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By Catholic Online (NEWS CONSORTIUM)

7/2/2013 (2 years ago)

Catholic Online (www.catholic.org)

Parents sued to get daughter on faster waiting list; doctors say many new questions have been raised

The world has been closely following the plight of 10-year-old Sarah Murnaghan, a girl with end stage cystic fibrosis whose parents sued to have her removed from a child's waiting list for a lung transplant in order to receive lungs from an adult donor in a timely fashion. Sarah is now on her second set of lungs, after her initial transplant was rejected. The incident is provoking questions about ethical behavior in the medical community.

Sarah is now taking some breaths on her own, although she continues to breathe mostly with the help of a ventilator.

Sarah is now taking some breaths on her own, although she continues to breathe mostly with the help of a ventilator.

Highlights

By Catholic Online (NEWS CONSORTIUM)

Catholic Online (www.catholic.org)

7/2/2013 (2 years ago)

Published in Health

Keywords: Sarah Murnaghan, lung transplant, ethics


LOS ANGELES, CA (Catholic Online) - The second lung transplant given to the Pennsylvania girl raises new questions about how to make the best use of a precious resource, ethicists say.

Sarah's case is controversial as her parents sued to get her onto the transplant list for an adult set of lungs. Typically, children are considered only for child-size lungs.

"Sadly, she faces very long odds of surviving. Even with good donor lungs, survival rates are only 50 percent at six years," Arthur Caplan, a physician and head of the division of bioethics at NYU Langone Medical Center in New York City says.

"She apparently got low quality organs to try and keep her alive to 'bridge' her to another transplant," Caplan says.

"Did it make sense to give her a second set of lungs in a pretty close-to-experimental procedure? She surely needed them, but given her medical situation, should she have been on the adult list in the first place?"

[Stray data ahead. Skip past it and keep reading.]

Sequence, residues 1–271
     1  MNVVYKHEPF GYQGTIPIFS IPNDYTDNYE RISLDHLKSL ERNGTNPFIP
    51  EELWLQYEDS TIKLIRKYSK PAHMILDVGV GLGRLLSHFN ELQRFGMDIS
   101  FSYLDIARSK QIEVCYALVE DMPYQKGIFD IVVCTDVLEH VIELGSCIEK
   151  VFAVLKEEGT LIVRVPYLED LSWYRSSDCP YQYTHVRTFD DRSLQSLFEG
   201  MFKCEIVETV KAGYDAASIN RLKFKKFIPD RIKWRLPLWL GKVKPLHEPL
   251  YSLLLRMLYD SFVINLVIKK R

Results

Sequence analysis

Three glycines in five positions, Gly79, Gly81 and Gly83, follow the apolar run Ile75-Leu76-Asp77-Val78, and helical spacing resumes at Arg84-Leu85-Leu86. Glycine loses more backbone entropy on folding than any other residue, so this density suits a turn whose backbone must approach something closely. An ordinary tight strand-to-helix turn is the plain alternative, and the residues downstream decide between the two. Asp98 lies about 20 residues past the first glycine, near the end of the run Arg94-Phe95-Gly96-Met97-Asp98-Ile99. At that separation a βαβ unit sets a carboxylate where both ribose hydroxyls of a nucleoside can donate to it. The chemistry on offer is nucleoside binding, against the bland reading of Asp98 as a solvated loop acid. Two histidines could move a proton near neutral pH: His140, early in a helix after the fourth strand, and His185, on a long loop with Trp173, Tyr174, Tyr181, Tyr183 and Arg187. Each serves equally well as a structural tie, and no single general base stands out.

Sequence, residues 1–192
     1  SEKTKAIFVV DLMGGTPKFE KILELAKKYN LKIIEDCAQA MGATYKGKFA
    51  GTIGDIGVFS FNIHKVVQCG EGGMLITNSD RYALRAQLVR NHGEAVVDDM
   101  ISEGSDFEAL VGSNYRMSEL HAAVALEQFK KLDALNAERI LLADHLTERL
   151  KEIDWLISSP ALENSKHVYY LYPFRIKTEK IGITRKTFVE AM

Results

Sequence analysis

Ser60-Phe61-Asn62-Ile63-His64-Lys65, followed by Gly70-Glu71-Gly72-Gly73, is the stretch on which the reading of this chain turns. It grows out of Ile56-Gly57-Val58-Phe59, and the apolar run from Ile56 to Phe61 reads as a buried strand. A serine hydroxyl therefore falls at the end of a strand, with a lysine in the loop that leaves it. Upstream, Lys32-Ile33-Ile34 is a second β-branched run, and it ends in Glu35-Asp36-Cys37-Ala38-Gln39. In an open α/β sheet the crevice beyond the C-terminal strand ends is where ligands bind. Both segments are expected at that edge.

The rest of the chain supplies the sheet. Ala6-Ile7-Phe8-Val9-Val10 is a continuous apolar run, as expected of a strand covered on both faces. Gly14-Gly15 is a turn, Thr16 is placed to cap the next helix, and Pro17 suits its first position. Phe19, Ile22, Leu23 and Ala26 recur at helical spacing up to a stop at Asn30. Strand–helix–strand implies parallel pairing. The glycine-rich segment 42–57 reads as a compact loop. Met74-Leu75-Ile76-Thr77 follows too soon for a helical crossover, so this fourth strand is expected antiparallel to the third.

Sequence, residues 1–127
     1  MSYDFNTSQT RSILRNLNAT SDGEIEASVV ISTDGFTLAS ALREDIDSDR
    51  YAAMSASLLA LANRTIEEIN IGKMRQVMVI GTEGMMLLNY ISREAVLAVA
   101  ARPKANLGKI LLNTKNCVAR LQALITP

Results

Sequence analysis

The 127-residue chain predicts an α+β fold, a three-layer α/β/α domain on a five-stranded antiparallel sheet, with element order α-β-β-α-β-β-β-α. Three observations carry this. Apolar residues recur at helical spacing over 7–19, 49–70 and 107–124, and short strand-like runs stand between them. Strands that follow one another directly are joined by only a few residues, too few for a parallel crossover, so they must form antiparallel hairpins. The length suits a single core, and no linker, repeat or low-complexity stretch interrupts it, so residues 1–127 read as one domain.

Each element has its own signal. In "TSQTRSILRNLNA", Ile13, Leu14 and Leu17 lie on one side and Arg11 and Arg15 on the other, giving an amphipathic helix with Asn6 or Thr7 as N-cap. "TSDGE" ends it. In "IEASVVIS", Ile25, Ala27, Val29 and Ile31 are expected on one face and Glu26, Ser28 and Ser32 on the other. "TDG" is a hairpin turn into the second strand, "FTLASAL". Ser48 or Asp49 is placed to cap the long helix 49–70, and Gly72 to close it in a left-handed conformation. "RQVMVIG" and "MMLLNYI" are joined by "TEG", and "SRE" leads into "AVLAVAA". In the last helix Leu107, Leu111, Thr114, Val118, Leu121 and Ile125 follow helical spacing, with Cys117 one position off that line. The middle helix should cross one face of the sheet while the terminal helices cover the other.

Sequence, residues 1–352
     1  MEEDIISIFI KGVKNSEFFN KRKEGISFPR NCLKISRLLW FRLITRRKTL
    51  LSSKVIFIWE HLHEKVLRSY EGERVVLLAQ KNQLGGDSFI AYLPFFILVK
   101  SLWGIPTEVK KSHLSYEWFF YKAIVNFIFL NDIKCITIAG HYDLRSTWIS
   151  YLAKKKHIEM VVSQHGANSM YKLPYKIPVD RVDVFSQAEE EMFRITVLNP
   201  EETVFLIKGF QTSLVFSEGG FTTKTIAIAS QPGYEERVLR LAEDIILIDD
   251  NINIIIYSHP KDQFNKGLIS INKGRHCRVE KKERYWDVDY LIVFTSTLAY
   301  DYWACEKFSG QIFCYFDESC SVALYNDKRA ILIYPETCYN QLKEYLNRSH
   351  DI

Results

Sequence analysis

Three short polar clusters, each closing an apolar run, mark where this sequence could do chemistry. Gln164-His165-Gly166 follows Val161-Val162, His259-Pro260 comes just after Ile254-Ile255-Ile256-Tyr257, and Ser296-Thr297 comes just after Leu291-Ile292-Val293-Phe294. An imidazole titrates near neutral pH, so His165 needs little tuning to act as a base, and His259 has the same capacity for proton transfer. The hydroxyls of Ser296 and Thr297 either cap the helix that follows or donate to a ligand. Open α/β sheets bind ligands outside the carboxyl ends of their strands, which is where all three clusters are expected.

A second organ transplant is inherently controversial. "If the goal is to save lives with scarce lungs, should re-transplants ever be done following an initial acute failure of a first set?" Caplan asks. "I would say no, if others could have used organs who had not had a first shot. That is a tough position, but lung transplants are rare, and not yet on a par with kidney or liver transplants."

Sarah is now taking some breaths on her own, although she continues to breathe mostly with the help of a ventilator. Murnaghan posted pictures on Facebook of her daughter smiling wanly. She's due for additional surgery to repair her diaphragm, which was damaged during the operation, her mother says.

"Sarah is doing well, alert, improving inch by inch," Murnaghan posted on her Facebook page this weekend. Sarah's "surgery will bring us closer to successful extubation," in which doctors remove her breathing tube.

A previous attempt to remove Sarah from her breathing tube was unsuccessful. "Ever since the unsuccessful extubation she has struggled with fears that she will suffocate and stop breathing."

It's always difficult to decide how to allocate organs, because it means denying someone a chance at life, Pediatrician G. Kevin Donovan, director of the Edmund D. Pellegrino Center for Clinical Bioethics says.

The best way to make those decisions "is probably not to involve the courts," Donovan says. "The courts will have the same sympathy that we all would, but not the same medical information" as doctors at the bedside.

"It really is a very difficult case," he says. "And difficult cases make good publicity, but bad precedents."

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